Formula One Turbo Revolution

April 21st, 2014:


How seemingly simple engineering advances will impact racing and production automobiles for many years to come.

Mercedes formula one team this year made a small but significant change to the turbocharger on their Formula one cars.  You’re thinking why do I care?  What do formula one race cars have to do with me?  Well the implications of this technology may very well change the performance and efficiency of the average automobile in the not so distant future.

The turbocharger was patented in 1905 as a way to harness the expelled exhaust gasses of an internal combustion engine.  The exhaust gasses are used to spin a turbine that is connected to an air compressor.  This compressor then forces pressurized air into the intake of the engine.  For an internal combustion engine more air means more fuel can be burned yielding significant increases in power output.  They also increase efficiency because they are not constantly forcing additional intake air through alternate means of control.  One unfortunate and counterproductive side effect of the turbine and compressor are large amounts of heat generation.  Heat is counter productive to the production of increased power.  While the benefits are substantial the presence of a turbo charger has many tradeoffs.

Mercedes has taken the typical turbo charger and split its turbine and compressor to opposite sides of the engine using a central shaft running through the engine.  This has some very profound effects on the ability of the device to increase power and efficiency.  The gains in efficiency and power are from the many small benefits reaped from the layout of this turbo.  The first effect is because of the much cooler temperature of the compressor, separating this section from the 950 degree C exhaust gases allows the compressor to provide a greater volume of dense air to the engine at lower speeds.  Next the intercoolers that cool the compressed intake charge are smaller because of the lower starting temp and compressor location.  This allows for a more aerodynamic and smaller exposed cross section.  The intercooler is also lighter weight because of its decreased size.  The culmination of this simple engineering change lead to a lighter weight, more compact, more powerful and more efficient internal combustion engine.  Mercedes F1 cars own all of the fastest laps of the season and thus far have won every race by a comfortable margin.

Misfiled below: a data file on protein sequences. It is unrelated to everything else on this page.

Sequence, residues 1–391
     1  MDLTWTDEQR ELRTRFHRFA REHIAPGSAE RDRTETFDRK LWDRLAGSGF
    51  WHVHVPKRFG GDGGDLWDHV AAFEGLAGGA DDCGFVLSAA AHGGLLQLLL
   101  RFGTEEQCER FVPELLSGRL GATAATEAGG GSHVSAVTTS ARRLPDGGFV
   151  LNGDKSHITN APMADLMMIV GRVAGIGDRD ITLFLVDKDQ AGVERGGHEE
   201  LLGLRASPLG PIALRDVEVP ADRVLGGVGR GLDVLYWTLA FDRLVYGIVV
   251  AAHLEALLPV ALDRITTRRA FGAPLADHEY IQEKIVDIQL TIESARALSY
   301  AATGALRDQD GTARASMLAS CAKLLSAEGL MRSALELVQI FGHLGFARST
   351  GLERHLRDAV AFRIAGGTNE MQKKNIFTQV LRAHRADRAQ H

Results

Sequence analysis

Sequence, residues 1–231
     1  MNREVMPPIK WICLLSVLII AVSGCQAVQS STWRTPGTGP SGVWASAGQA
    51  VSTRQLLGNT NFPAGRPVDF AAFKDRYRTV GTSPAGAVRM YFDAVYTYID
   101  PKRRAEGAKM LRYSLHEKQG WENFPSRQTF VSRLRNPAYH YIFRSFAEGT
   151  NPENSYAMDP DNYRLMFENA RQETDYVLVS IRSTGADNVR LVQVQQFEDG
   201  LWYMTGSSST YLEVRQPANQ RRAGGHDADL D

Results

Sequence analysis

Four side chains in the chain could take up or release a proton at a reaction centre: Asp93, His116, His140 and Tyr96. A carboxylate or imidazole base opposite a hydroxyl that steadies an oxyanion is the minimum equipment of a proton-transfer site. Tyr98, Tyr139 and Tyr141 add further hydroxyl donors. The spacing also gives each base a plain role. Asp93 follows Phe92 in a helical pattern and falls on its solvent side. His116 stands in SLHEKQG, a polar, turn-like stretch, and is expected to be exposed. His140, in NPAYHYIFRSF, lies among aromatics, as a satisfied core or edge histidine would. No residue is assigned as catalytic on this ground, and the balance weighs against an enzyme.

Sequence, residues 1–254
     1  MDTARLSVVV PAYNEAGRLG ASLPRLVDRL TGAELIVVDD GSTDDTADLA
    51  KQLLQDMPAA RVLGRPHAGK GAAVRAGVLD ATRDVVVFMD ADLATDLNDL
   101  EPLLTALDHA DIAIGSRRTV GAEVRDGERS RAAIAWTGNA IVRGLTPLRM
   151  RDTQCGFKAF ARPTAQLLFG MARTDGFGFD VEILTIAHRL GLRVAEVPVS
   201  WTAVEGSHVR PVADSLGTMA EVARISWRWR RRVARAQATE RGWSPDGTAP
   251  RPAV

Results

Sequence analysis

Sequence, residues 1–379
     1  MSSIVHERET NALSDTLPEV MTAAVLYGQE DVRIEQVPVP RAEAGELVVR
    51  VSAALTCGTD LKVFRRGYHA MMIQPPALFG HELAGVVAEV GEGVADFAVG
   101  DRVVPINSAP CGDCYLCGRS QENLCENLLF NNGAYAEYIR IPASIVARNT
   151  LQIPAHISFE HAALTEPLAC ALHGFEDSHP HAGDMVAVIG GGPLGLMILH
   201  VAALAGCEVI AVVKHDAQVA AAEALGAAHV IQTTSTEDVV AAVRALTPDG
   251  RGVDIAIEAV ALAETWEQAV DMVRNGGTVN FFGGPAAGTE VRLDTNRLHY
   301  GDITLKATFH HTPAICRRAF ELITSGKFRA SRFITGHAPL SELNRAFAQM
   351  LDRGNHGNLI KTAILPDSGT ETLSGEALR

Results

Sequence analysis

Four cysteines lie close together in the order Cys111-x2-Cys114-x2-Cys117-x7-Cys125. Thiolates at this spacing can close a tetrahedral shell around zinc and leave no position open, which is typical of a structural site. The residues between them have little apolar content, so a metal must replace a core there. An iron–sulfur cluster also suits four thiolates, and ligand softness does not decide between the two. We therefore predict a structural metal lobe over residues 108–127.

So why do you care?  Well if you would like your next car to be more fuel efficient and powerful at the same time this technology will help achieve that.  Applying this technology to street cars is likely years away.  When this technology coupled with a hybrid system does arrive it will likely achieve a level of efficiency previously thought unattainable.  Combine that with adequate or better performance and this simple engineering change could be revolutionary to the auto industry.  Something this simple could provide a drastic decrease to fuel consumption all over the modern world.

For an excellent video that breaks down the implications of the engineering and design behind this check out this fantastic video from Sky Sports F1

- Corey Smigelski, Vice President of Business Development